Keywords: Microfinance, Financial Risk, Liquidity Risk, FX Risk, Ownership, Regulation
    JEL: G21 G32 O16
    Date: 2015–03
  11. By: Lux, Thomas; Segnon, Mawuli; Gupta, Rangan
    Abstract: This paper uses the Markov-switching multifractal (MSM) model and generalized autoregressive conditional heteroscedasticity (GARCH)-type models to forecast oil price volatility over the time periods from January 02, 1875 to December 31, 1895 and from January 03, 1977 to March 24, 2014. Based on six different loss functions and by means of the superior predictive ability (SPA) test, we evaluate and compare their forecasting performance at short and long horizons. The empirical results indicate that none of our volatility models can uniformly outperform other models across all six different loss functions. However, the new MSM model comes out as the model that most often across forecasting horizons and subsamples cannot be outperformed by other models, with long memory GARCH-type models coming out second best.
    Keywords: Crude oil prices,GARCH,Multifractal processes,SPA test
    JEL: C52 C53 C22
    Date: 2015
  12. By: Monika Wieczorek-Kosmala (University of Economics in Katowice); Joanna Błach (University of Economics in Katowice); Maria Gorczyńska (University of Economics in Katowice); Anna Doś (University of Economics in Katowice)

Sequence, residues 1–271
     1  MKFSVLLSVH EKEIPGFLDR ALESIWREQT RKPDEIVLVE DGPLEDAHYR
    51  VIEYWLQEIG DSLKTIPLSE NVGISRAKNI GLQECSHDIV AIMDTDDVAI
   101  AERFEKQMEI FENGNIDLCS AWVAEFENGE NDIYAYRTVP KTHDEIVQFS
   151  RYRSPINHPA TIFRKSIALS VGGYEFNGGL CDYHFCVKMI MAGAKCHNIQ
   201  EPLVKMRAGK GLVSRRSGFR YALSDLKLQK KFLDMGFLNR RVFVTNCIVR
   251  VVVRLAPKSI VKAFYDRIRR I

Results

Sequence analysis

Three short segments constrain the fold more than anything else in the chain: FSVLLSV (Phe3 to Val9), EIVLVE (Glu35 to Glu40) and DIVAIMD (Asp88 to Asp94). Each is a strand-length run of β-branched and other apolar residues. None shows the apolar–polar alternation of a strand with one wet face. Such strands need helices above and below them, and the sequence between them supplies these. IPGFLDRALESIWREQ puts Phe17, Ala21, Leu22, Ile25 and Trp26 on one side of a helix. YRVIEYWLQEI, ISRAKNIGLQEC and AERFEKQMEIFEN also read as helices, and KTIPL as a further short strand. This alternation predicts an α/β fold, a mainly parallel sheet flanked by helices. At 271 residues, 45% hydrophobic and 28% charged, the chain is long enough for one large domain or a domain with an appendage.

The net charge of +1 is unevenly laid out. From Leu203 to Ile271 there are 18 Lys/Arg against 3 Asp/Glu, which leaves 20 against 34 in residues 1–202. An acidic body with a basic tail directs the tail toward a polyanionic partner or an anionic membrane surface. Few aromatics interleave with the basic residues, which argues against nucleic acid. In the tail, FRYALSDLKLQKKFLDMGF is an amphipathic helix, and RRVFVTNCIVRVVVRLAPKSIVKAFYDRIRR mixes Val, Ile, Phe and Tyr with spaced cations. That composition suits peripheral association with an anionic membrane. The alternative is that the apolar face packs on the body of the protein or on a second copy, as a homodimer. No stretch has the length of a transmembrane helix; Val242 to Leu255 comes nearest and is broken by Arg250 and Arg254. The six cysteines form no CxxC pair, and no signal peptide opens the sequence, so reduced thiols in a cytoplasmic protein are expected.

Abstract: In this paper we focus on financial innovations that have emerged as a result of the convergence of the capital market and insurance market. These new solutions called Insurance-Linked Securities (ILS) were created in 1990s. by insurers and reinsurers in order to improve the liquidity of insurance market by providing the opportunity to transfer insurable risk to capital market. However, nowadays the application of ILS have been extended beyond financial sector. In particular, the application of ILS in the new, different way by the non-financial companies is regarded here as innovations.The prime purpose of the paper is to justify a statement that in recent years, capital market innovations within transferring insurable risk to capital markets (ILS) have grown on diversity. Our objective is to critically analyze the innovative solutions within transferring insurable risk to capital market, and assess their potential for the use by non-financial companies. We address the limitations and possible consequences of these solutions. To achieve the expected results we use the document analysis and select important information in order to provide systemized characteristics of Insurance-Linked Securities. Our intention is also to initiate a debate on the possible use of insurance-linked securities in non-financial sector, focusing on their potential advantages and positive consequences for the non-financial companies as well as on potential limitations and obstacles.From the analyzed group of insurance-linked securities available on the capital market, we have selected these solutions that can be applied by the non-financial companies, i.e.: cat bonds, insurance-linked derivatives (including weather derivatives) and contingent capital structures. These innovations may be applied in order to improve the integrated risk management process in the non-financial companies in two ways: (1) as an alternative (substitute) to traditional risk management instruments (e.g. insurance policy) conditional upon their efficiency (similar protection at lower costs or better protection at comparable costs); (2) as a complementary solutions to traditional instruments, if they provide access to tools and mechanisms not available directly by the application of traditional solutions. However, there are many constraints, both on the supply and demand side of the ILS market that limit their application by non-financials. Further research may be focused on the analysis of the solutions that can be applied in order to overcome these problems and improve the development of the ILS innovations offered to non-financials.